On Monday, it will have been 12 years since the brutal EF2 tornado ravaged MetraPark and surrounding businesses. I remember that day, hunkered down in my grandmother's basement in the Heights wondering if I would be swept up in the strong vortex. Luckily, I wasn't, and nobody else had been either. We were lucky that day. Small businesses in the area weren't so lucky.

The Calm Before the Storm

On the morning of June 20, 2010, a partly sunny day reached 75 degrees right before noon, but little did anyone know that there would be a brutal change in weather. We knew about thunderstorms and hail warnings from the previous day, but then we heard a tornado warning. Not a watch. A warning.

Credit: National Oceanic and Atmospheric Administration
Credit: National Oceanic and Atmospheric Administration
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According to a report from the National Oceanic and Atmospheric Administration (NOAA), the tornado formed at around 4:24 p.m. around the intersection of Lake Elmo Drive and Main Street in the Heights. It then spread a mass of destruction across many businesses and ended at the Rimrock Auto Arena (now known as the First Interstate Arena).

Credit: National Oceanic and Atmospheric Administration
Credit: National Oceanic and Atmospheric Administration
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The Aftermath Saw Billings Come Together

Obviously, the largest loss came at MetraPark, when nearly the entire roof came off. 400 volunteers from all over the city came and helped clear debris just two days after the tornado, and folks in the community also helped to rebuild buildings and businesses such as Fas-Break Windshield Repair.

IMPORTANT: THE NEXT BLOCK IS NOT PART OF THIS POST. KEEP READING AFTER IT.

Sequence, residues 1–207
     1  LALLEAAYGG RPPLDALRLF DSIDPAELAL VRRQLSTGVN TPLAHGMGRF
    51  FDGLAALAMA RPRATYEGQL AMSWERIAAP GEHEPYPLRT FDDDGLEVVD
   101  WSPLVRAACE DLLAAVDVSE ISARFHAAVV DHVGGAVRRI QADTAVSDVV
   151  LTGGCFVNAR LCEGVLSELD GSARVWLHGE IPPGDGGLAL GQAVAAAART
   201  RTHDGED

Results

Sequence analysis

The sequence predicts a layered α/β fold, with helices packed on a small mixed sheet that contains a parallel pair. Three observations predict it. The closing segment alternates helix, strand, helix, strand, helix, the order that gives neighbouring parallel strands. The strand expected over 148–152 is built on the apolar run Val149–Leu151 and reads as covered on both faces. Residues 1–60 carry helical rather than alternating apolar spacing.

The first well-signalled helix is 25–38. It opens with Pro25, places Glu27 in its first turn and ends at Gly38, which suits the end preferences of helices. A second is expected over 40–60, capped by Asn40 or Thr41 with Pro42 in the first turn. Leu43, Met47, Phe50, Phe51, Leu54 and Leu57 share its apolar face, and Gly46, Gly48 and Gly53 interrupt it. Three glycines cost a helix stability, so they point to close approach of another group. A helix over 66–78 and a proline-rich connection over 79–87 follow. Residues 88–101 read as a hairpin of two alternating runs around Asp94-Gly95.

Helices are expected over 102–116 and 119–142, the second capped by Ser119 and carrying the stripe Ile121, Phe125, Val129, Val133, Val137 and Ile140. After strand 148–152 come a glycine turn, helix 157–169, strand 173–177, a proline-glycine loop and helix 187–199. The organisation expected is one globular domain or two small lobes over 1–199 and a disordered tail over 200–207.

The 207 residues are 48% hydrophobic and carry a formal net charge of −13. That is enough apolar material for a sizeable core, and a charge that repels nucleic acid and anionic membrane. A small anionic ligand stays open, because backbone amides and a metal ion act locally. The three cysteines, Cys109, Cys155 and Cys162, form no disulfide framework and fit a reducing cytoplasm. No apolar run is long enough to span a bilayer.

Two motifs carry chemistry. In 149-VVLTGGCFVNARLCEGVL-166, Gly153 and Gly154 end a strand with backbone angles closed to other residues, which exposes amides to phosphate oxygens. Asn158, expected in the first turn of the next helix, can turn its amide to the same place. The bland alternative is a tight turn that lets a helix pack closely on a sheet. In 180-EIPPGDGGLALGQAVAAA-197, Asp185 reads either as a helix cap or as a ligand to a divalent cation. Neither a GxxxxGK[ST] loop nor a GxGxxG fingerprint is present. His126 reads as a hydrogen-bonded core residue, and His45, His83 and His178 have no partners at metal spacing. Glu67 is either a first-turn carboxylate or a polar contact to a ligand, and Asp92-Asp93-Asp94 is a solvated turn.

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Now, 12 years on, the Heights has fully recovered, in my opinion. However, we will not forget the day it happened and the brutal damage that was experienced.

LOOK: Historic 2022 Flooding in Southern Montana Not Soon to Be Forgotten

Widespread flooding wiped out roads, bridges, buildings, and powerlines throughout riverside communities from Yellowstone National Park and Paradise Valley to Red Lodge. The Yellowstone River winding through Billings crested Tuesday, June 14, 2022. At 11:30 a.m. the National Weather Service in Billings reported the river rose above flood stage and was forecasted to hit 14.7 feet, nearly hitting the 15-foot record set in 1997.

Did You Know? 5 Billings Locations Then vs. Now

Perhaps you remember these locations from way back when, or maybe you just want to know what it looked like before. Come with us down memory lane, as we take a look at five Billings locations that looked much different years ago.